Unsecured Wireless Network Leads to Police SWAT Raid

If you do not properly secure your Wi-Fi network, could people misuse it? We have all heard of people “borrowing” their neighbors Wi-Fi to surf questionable sites and download illegal media and software, but could having an unsecured Wi-Fi access point lead to a SWAT team raiding your house in full combat gear? The answer is (in one case at least) yes!

I have been doing some research for an upcoming Hakin9 article on Wireless security & attacks and ran into this article on Government Computer News, “Don’t get raided by a SWAT team; secure your wireless hub“. Apparently Evansville, Indiana resident Stephanie Milan (18) and her boyfriend’s unsecured wireless network was used by an unknown suspect to post threatening messages on Topix.com.

But what would cause a fully armed SWAT team to smash out a window, break down the front door, toss in stun grenades and rush the young couples abode while wielding automatic weapons? Maybe it was the subject of the messages. Apparently, along with scarfing free internet access, the subject posted messages threatening police officers and their families.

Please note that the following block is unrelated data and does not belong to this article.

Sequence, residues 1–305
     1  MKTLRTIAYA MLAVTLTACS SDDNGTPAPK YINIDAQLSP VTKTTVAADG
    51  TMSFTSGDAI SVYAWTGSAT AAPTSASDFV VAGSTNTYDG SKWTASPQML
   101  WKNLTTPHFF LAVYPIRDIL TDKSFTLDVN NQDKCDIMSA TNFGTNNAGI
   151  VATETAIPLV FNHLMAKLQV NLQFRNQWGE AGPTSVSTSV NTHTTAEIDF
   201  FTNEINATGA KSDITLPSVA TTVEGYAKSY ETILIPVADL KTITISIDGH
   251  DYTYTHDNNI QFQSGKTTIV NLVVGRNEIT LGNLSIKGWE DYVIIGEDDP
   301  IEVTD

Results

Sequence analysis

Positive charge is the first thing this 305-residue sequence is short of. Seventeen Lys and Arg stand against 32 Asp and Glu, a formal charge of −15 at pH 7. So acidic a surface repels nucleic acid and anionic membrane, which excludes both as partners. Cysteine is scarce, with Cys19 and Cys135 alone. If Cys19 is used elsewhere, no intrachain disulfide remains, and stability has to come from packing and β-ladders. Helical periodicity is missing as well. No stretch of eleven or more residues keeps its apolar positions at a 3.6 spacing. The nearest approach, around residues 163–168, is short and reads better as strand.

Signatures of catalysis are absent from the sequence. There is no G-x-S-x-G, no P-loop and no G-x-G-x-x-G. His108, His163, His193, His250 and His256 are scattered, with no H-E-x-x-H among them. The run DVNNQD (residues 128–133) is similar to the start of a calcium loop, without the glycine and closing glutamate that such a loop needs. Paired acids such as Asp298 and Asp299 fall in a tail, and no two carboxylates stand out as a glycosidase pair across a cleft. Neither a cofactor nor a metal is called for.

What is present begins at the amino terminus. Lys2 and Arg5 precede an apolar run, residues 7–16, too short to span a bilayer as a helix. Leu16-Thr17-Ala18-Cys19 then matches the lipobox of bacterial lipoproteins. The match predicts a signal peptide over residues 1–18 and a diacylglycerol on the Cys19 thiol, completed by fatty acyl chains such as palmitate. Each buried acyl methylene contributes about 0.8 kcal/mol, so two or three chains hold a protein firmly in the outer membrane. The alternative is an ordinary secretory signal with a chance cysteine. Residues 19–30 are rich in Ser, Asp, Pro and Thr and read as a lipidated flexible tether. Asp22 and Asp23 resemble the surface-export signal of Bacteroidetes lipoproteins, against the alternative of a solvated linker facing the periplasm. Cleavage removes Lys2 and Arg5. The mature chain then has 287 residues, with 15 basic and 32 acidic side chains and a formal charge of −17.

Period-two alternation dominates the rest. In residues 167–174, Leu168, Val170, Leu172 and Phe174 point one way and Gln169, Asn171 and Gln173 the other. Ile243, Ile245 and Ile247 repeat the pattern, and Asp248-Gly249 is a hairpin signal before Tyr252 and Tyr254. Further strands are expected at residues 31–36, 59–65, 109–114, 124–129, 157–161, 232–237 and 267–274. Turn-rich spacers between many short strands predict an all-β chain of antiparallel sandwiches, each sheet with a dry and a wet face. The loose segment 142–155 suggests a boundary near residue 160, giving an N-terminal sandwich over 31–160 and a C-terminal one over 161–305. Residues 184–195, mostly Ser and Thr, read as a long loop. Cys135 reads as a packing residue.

Not a smart move by the subject.

But was the response too much? “I think it was a show of force that they are not going to tolerate this,” said Ira Milan, Stephanie’s grandfather and long term owner of the property. “To bring a whole SWAT team seems a little excessive.”

City Police Chief Billy Bolin explained, “We have no way of being able to tell that,” and the concerning Internet posts “definitely come back to that address.”. Also the city Mayor said that after reviewing the situation, the use of force was justified.

The suspect is still at large.

After realizing that Stephanie and her boyfriend were not involved, the city has agreed to pay for the damages done. But this goes to show that leaving wireless networks unsecured could lead to some serious problems.

Recent research for the area that I live in shows that almost half of the wireless access points detected were using no, or woefully inadequate security. The results, even after years of security warnings to users and attempts to get manufacturers to use more secure settings as default, were a bit concerning:

13% used no security at all, and another 29% used WEP which has been cracked a long time ago. Only 46% used WPA2 which is the recommended security setting for your wireless network. Almost half of the Wi-Fi networks were vulnerable to attack or mis-use.

So be sure to set your Wi-Fi network to WPA2. And if it does not support WPA2, it is time to get a new Access Point. Also, remember to use a long complex password when securing your AP, as WPA and WPA2 passwords can still be cracked if you use a simple password.

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